## Info

Figure 2-9. Graph Showing Values of Factor y°®tJ> + VB+l Versus B When C = 6.

Thus, it appears that the total counter-recoil time will be minimum if the barrel spring and bolt driving spring are proportioned to each other so that the ratio between their average forces is equal to the cube root of the ratio between the barrel weight and bolt weight. It will be assumed for purposes of the example that the barrel is six times heavier than the bolt, that is, 0=6.

Fig. 2-9 shows the value of the factor

for various values of B when C=6. Note that the curve reaches its minimum point at B=1.82 which is the cube root of 6. If this ratio between the spring forces were used in the example, the total required average force of 450 pounds breaks down so that the bolt spring would have an average force of 160 pounds and the average force of the barrel spring would be 290 pounds. It should be realized that the use of a bolt spring with an average force as high as 160 pounds would cause difficulty in charging the gun manually unless some mechanical aid is provided. For this reason, it may be desirable to increase the ratio B, thus sacrificing some speed of operation for ease in charging. However, if the gun is to be charged pneumatically or by some other means, the computed values are not unreasonable and will therefore be employed for the remainder of the analysis.

The next problem relating to the design of the springs is to choose values for the initial compression Fo and the spring constant K such that the required average force will be obtained when the springs are compressed through the desired recoil distance (10.5 inches in the example). As has been mentioned before, the practical problems involved in designing springs for machine guns require very careful analysis to take into consideration such factors as spring losses, forced vibrations set up along the length of the spring, shock loads, and other complications. If this is not done, serious operational difficulties or even failure of the spring may-result. For this reason, the design of springs which are to be subjected to large and rapidly varying forces is a highly specialized art in the field of machine design and often a satisfactory spring for a machine gun can be found only by experimental means. Since it is beyond the scopc of the present analysis to attempt a practical spring design at this point, an arbitrary' selection of the spring characteristics will be made.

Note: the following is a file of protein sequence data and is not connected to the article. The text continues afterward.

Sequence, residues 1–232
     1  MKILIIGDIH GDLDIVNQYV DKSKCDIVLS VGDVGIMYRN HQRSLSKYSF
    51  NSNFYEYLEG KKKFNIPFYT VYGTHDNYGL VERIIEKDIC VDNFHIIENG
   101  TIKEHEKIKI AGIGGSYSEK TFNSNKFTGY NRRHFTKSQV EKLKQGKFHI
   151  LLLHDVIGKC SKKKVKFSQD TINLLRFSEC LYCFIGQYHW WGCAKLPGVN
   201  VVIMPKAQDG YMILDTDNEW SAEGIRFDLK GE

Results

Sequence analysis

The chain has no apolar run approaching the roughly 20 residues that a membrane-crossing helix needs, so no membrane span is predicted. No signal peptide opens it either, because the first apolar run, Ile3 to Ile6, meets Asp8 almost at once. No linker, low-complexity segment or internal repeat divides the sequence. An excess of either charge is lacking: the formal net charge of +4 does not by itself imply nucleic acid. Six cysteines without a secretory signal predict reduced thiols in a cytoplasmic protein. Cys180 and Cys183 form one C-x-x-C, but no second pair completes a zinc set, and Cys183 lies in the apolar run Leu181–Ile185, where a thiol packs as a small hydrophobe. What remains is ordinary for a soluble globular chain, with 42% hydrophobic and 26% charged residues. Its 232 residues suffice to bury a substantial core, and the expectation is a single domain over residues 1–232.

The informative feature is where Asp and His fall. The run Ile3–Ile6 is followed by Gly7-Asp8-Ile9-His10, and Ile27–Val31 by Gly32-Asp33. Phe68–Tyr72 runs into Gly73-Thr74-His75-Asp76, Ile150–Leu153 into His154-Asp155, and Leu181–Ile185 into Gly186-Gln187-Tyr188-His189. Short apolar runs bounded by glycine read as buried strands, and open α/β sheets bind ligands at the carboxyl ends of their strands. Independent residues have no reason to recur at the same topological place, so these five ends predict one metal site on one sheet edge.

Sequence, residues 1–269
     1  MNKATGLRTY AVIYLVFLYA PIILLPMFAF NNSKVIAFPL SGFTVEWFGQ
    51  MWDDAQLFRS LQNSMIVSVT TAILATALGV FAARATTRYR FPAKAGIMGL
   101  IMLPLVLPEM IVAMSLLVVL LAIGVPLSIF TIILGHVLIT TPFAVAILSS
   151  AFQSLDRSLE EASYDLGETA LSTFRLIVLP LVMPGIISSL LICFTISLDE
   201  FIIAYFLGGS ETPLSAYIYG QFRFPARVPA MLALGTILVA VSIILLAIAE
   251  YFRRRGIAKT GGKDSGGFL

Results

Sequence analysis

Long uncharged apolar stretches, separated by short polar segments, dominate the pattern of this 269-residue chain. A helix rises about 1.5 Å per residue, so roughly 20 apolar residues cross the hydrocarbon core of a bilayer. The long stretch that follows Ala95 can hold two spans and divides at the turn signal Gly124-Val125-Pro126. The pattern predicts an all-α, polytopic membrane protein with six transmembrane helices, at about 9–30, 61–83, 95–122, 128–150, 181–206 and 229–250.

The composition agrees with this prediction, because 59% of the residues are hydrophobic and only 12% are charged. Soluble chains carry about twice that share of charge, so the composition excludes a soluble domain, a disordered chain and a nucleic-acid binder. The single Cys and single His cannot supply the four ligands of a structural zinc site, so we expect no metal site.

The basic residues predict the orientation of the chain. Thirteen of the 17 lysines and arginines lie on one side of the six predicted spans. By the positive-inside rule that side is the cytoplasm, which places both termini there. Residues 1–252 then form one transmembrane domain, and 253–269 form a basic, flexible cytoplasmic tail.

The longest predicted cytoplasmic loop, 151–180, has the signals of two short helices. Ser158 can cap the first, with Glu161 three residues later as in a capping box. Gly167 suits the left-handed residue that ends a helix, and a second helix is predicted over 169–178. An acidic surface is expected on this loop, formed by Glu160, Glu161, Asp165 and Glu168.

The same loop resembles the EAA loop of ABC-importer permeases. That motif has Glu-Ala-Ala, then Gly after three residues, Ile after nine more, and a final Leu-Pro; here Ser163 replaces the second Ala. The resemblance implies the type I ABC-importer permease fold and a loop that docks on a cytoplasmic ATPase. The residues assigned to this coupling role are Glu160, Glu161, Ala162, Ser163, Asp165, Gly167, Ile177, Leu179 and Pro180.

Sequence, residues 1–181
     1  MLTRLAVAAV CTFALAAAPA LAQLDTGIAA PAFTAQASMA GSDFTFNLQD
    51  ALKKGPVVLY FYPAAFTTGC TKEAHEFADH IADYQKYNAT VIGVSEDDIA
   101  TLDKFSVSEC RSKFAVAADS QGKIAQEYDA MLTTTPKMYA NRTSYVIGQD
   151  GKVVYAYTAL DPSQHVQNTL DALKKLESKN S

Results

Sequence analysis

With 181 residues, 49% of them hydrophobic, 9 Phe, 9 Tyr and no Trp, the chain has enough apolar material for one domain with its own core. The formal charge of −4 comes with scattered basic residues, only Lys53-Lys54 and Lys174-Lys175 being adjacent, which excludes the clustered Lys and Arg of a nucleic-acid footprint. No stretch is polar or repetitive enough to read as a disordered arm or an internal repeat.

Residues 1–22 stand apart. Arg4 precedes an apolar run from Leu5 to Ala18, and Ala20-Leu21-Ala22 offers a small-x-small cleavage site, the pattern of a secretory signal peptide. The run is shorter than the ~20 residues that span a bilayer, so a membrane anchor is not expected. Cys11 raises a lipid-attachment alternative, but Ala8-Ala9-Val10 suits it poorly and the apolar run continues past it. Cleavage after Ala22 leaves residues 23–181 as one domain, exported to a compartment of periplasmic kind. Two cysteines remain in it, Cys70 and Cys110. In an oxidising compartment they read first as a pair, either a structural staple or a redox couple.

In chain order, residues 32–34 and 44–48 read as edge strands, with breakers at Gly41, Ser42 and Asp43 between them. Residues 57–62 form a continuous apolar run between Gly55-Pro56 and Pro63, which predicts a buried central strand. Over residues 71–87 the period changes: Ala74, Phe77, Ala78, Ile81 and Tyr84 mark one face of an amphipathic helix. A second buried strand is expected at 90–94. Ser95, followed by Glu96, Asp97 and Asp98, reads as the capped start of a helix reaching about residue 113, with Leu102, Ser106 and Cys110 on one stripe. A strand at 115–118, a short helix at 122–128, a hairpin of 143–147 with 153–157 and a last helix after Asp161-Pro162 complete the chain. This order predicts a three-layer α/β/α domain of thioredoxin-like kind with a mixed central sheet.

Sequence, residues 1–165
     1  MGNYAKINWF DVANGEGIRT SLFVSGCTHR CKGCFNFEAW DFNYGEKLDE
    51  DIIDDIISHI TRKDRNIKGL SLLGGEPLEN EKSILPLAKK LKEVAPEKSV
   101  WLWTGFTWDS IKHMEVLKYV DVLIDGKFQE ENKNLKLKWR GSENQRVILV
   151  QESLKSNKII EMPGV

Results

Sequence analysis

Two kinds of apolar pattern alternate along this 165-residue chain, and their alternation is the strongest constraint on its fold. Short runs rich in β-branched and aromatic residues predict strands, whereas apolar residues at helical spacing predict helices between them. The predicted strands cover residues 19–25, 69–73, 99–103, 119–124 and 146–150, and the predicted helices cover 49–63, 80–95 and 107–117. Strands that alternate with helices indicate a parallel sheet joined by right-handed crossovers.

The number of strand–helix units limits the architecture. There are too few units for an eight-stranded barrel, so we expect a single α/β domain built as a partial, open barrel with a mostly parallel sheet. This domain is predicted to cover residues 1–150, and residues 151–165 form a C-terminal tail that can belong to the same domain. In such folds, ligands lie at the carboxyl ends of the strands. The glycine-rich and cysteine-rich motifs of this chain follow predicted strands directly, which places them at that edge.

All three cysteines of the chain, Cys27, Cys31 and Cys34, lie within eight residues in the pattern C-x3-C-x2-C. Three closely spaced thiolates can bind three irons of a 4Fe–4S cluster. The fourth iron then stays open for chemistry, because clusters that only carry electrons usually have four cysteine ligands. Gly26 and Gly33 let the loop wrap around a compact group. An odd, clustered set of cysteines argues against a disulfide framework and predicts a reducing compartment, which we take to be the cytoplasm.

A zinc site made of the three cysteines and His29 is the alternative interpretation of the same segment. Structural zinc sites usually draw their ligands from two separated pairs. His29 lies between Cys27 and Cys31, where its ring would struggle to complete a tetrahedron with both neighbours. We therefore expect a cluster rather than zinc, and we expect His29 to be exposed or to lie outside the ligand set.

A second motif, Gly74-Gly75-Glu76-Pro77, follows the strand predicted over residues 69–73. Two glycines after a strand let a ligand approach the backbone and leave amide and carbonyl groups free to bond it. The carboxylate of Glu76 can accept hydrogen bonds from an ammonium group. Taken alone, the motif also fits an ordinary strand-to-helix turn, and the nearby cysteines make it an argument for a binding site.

In making the selection of Fo and K for the springs of the gun used as an example, the value of Fo will be kept relatively small in order to gain an advantage in regard to rate of fire. (Cf. paragraph 5 in the mathematical analysis of the plain blowback system.) For the barrel spring, an initial compression of 115 pounds is reasonable and this choice requires that the maximum force be 465 pounds to produce the required average force of 290 pounds. Since the difference between the maximum force and initial compression is 350 pounds and the recoil distance is 10.5 inches (0.875 feet), the spring rate will be 400 pounds per foot or 33.3 pounds per inch. For the bolt spring, if Fo is selected as 55 pounds, the average force of 160 pounds will be obtained if the maximum force is 265 pounds. The difference between the maximum force is then 210 pounds. Since the recoil distance is 0.875 feet, the

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